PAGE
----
By default, this preference is not enabled. (MFSA 2013-39 / CVE-2013-0792)
- Mozilla community member Ambroz Bizjak reported an out-of-bounds array read in the CERT_DecodeCertPackage function of the Network Security Services (NSS) libary when decoding a certificate. When this occurs, it will lead to memory corruption and a non-exploitable crash.
(MFSA 2013-40 / CVE-2013-0791)
- Mozilla developers identified and fixed several memory safety bugs in the browser engine used in Firefox and other Mozilla-based products. Some of these bugs showed evidence of memory corruption under certain circumstances, and we presume that with enough effort at least some of these could be exploited to run arbitrary code. (MFSA 2013-41)
- Christoph Diehl, Christian Holler, Jesse Ruderman, Timothy Nikkel, and Jeff Walden reported memory safety problems and crashes that affect Firefox ESR 17, and Firefox 20.
- Bob Clary, Ben Turner, Benoit Jacob, Bobby Holley, Christoph Diehl, Christian Holler, Andrew McCreight, Gary Kwong, Jason Orendorff, Jesse Ruderman, Matt Wobensmith, and Mats Palmgren reported memory safety problems and crashes that affect Firefox 20.
- Security researcher Cody Crews reported a method to call a content level constructor that allows for this constructor to have chrome privileged access. This affects chrome object wrappers (COW) and allows for write actions on objects when only read actions should be allowed. This can lead to cross-site scripting (XSS) attacks. (MFSA 2013-42 / CVE-2013-1670)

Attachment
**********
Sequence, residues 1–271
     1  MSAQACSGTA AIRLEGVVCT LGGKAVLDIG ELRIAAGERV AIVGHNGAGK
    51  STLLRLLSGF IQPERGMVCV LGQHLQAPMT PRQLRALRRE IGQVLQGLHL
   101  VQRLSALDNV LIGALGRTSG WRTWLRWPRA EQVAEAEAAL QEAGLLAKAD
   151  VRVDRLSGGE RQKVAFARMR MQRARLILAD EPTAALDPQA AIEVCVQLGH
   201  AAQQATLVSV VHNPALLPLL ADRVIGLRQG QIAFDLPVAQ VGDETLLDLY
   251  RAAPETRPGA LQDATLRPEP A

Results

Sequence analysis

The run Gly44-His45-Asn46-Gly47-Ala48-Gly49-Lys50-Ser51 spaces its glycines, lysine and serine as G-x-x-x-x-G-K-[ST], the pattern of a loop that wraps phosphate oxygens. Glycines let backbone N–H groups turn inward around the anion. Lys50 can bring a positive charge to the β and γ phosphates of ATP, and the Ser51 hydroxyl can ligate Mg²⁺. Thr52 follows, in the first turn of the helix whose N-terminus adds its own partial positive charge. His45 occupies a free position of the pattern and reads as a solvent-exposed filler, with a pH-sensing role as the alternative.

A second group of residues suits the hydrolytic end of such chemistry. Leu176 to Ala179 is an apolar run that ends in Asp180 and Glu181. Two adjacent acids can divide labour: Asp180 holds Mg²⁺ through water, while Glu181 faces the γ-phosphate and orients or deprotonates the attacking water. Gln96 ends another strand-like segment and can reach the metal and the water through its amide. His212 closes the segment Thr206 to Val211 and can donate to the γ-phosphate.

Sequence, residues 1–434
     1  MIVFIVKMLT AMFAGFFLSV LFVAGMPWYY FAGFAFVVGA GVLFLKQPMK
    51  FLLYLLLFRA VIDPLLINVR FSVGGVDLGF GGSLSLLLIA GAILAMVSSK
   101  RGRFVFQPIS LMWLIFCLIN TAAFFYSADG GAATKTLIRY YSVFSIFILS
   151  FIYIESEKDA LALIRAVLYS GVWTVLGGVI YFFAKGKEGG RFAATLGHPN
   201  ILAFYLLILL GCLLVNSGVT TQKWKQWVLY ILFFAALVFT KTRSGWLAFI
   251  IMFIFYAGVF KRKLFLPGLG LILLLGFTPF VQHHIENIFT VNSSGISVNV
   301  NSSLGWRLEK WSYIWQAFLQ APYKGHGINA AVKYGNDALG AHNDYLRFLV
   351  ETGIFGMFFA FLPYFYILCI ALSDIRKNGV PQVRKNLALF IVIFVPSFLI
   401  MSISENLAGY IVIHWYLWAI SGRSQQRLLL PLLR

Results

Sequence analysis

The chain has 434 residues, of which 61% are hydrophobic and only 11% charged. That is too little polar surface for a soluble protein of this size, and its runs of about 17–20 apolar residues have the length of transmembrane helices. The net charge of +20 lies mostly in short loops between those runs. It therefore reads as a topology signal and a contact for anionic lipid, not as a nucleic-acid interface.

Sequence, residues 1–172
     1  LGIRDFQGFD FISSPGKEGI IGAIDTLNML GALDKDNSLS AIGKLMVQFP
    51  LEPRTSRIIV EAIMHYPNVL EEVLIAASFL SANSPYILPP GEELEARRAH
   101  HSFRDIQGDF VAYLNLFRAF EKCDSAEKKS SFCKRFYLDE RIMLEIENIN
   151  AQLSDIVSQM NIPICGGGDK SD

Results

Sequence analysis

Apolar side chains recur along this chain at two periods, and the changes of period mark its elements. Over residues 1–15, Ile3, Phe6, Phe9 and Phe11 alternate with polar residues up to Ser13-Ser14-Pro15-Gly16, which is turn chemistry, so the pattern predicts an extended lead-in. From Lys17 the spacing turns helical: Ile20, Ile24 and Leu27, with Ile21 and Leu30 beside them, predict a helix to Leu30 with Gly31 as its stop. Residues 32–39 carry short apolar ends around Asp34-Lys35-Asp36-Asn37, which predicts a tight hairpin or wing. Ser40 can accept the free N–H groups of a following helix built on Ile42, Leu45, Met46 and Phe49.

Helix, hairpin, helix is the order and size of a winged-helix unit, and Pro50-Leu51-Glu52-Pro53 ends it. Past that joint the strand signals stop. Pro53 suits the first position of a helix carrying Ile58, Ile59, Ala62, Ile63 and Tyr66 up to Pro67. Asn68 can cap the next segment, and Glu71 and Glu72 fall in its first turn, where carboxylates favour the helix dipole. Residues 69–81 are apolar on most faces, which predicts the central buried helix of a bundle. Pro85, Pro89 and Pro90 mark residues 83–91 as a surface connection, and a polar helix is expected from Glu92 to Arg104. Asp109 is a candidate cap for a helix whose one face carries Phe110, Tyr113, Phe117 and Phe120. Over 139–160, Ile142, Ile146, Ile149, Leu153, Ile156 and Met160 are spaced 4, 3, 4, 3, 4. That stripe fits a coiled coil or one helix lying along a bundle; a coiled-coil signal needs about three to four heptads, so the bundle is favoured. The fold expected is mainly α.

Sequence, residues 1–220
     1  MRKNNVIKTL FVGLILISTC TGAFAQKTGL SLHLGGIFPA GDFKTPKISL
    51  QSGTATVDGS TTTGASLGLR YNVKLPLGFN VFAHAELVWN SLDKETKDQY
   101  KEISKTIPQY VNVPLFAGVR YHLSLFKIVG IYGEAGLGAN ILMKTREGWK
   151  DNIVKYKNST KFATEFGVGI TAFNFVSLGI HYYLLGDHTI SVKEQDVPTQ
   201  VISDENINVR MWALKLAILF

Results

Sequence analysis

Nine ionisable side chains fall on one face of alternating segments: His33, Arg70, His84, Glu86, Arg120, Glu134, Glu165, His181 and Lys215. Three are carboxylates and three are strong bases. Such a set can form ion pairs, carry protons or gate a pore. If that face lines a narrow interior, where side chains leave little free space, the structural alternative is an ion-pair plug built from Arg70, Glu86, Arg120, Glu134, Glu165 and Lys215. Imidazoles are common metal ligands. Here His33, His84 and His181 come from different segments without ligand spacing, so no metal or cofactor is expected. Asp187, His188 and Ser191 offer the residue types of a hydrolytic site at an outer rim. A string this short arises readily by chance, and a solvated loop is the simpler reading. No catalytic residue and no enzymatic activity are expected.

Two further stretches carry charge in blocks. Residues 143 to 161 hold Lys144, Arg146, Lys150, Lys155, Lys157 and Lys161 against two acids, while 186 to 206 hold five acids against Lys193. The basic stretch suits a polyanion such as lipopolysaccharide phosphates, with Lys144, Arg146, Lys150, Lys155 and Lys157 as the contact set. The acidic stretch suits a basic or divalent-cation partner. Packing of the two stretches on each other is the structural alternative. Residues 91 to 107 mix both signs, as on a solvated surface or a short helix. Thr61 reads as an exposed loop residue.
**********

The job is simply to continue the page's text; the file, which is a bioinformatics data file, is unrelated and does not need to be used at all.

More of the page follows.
- Mozilla security researcher moz_bug_r_a4 reported a mechanism to exploit the control when set to the file type in order to get the full path. This can lead to information leakage and could be combined with other exploits to target attacks on the local file system.
(MFSA 2013-43 / CVE-2013-1671)
- Security researcher Seb Patane reported an issue with the Mozilla Maintenance Service on Windows. This issue allows unprivileged users to local privilege escalation through the system privileges used by the service when interacting with local malicious software. This allows the user to bypass integrity checks leading to local privilege escalation. Local file system access is necessary in order for this issue to be exploitable and it cannot be triggered through web content. (MFSA 2013-44 / CVE-2013-1672)